It was late March 2006, and Governor Jon Corzine was frustrated. Within 48 hours, there had been seven separate shootings in Trenton, the state's capital and home to 85,000 people, including several thousand gang members. In one of several shootouts between warring gangs, a stray .45 caliber round had blown seven-year-old Tajahnique Lee off her bicycle and ripped through her jaw. Tajahnique was alive, but photos of her angelic young face blanketed newspapers and TV screens. Violent crime was increasing in New Jersey, even though overall crime had been declining for five years. "How can we stop this violence?" the governor asked his police superintendent, Colonel Joseph R. Fuentes.
Fuentes thought he might have a solution. Back in 2005, he had sent Major Christopher Andreychak, one of his most experienced deputies, to Newark to stop a spike in gun- and gang-related violence there. Andreychak had decided to focus not just on homicides but also on violence that didn't result in murder. "The clearance rate for a homicide—getting someone in handcuffs—was about 65 percent," says Andreychak, a 25-year veteran. "But for aggravated assaults with a firearm that did not result in a homicide, it was 15 percent." Knowing that many of the same culprits were responsible for both types of crime, Andreychak had stressed the need to trace the weapons used in any violent assault. In less than a year, the clearance rate for violent incidents in the Newark area had increased from 15 percent to almost 50 percent, and shootings dropped by about 30 percent.
So Fuentes suggested expanding the Newark project to the state's 14 most crime-ridden cities, Corzine allocated $750,000, and what came to be called Project Watchtower was born. At its center is the new Regional Operations Intelligence Center, known as the Rock, a state-of-the art "fusion center" for investigations and emergency management that opened near Trenton in early 2007 and is now manned by some 200 people. Among them are the state's 40 crime analysts—including a group of mostly young women informally known as "Chris's Angels"—who collect and analyze computer data to spot crime trends and patterns, especially those involving gangs and illegal guns. In fact, New Jersey is the first state in the nation to begin tracing the source of all guns used in any crime.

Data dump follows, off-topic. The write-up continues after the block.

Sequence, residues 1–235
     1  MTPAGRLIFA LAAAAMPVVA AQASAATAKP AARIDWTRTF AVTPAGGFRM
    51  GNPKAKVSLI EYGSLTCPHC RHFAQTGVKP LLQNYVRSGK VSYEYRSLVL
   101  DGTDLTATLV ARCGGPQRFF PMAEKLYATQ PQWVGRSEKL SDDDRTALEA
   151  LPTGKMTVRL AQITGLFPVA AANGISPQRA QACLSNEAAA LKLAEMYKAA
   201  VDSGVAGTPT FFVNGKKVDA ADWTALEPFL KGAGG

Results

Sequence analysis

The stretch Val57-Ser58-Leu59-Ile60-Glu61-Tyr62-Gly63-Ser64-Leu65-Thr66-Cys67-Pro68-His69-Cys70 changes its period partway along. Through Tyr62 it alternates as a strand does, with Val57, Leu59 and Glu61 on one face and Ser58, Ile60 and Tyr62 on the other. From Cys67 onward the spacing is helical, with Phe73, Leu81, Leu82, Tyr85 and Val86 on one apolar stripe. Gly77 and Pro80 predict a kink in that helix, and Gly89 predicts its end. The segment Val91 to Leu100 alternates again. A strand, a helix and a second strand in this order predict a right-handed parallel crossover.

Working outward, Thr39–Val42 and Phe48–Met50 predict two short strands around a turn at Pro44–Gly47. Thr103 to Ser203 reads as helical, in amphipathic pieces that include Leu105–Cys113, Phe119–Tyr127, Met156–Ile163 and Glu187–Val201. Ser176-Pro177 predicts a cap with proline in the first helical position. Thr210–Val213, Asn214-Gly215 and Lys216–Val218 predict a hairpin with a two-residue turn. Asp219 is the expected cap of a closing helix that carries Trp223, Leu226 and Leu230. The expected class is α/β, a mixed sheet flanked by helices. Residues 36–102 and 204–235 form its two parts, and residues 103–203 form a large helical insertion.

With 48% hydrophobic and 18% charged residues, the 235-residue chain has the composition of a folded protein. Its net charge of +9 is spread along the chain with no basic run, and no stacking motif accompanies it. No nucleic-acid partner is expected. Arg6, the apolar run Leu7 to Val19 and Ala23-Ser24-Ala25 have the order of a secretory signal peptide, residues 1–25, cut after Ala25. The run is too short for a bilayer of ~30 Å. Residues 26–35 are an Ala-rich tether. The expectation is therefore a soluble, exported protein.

But that's easier said than done. Until this year, analysts say, the federal Bureau of Alcohol, Tobacco, Firearms and Explosives (ATF) and the Federal Bureau of Investigation, which collected information about guns used in crimes, would pass the information back to cities only if they specifically requested it. The same gun might well have been used in crimes in two neighboring cities, says Fuentes, but neither city's police department would know about it because Washington couldn't tell them—thanks to legislation sponsored by Todd Tiahrt, a Kansas Republican close to the National Rifle Association—and because the cities themselves were barred from sharing the information that they had received.